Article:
President’s Blog – Farmers Union Supports Fellow Farmers After Extreme Weather Wipes Out Crops in Kansas and Other States
A recent storm in Kansas that dumped up to two feet of snow and affected up to 3 million acres of winter wheat in the Great Plains has driven the price of wheat up. In the Midwest and Mid-south non- stop rain has led to flooding of recently planted corn and soybeans. The market responded with wheat closing up 28 1/2 cents Friday. This devastating weather comes as final planting dates for federal crop insurance is just weeks away. In Montana the planting date to be eligible for crop insurance for wheat is May 31.
We feel for the farmers in those regions. Crop insurance will help with replanting, but it won’t come close to covering the cost of those lost crops. Unfortunately it takes someone else’s misfortune to drive up the price of wheat. This is not something we celebrate. Rather, we feel compassion for those farmers which is what Farmers Union is and has always been about, fighting for family farms.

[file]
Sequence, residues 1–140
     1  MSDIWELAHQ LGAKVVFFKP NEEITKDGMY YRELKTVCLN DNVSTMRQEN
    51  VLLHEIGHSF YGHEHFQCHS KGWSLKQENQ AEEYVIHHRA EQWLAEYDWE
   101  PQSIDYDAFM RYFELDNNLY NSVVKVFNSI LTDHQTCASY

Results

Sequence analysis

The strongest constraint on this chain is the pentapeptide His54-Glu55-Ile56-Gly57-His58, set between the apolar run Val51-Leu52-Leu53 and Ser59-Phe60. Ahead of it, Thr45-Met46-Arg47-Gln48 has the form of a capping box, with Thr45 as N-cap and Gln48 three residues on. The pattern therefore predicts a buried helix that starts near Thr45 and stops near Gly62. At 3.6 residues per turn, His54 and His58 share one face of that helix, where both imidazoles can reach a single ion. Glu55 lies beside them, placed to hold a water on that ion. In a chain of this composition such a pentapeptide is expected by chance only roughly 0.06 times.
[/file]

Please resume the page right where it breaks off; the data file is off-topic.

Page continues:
Crop insurance can be expensive, but is most likely the best risk management tool a farmer has available. According to the United States Department of Agriculture insurable types of wheat in Montana include: spring and winter wheat, durum and Khorasan. However this protection does vary by county. The USDA lists causes of losses covered to include: adverse weather conditions; change in harvest price; failure of irrigation water supply if caused by an insured peril occurring during the insurance period; fire; insects and plant diseases, but not damage due to insufficient or improper application of control measures; and wildlife. For more information on insurable types and practices in your county visit the USDA’s website or contact your local Farmers Union Insurance agent.
This protection is why Montana Farmers Union is fighting to maintain provisions like crop insurance in the next Farm Bill to help provide Montana producers some relief in the case of a disaster. Our hearts go out to the farmers in Kansas and other affected states. We might not be able to provide monetary support, but we can show our fellow farmers to the south and Midwest that we stand behind them.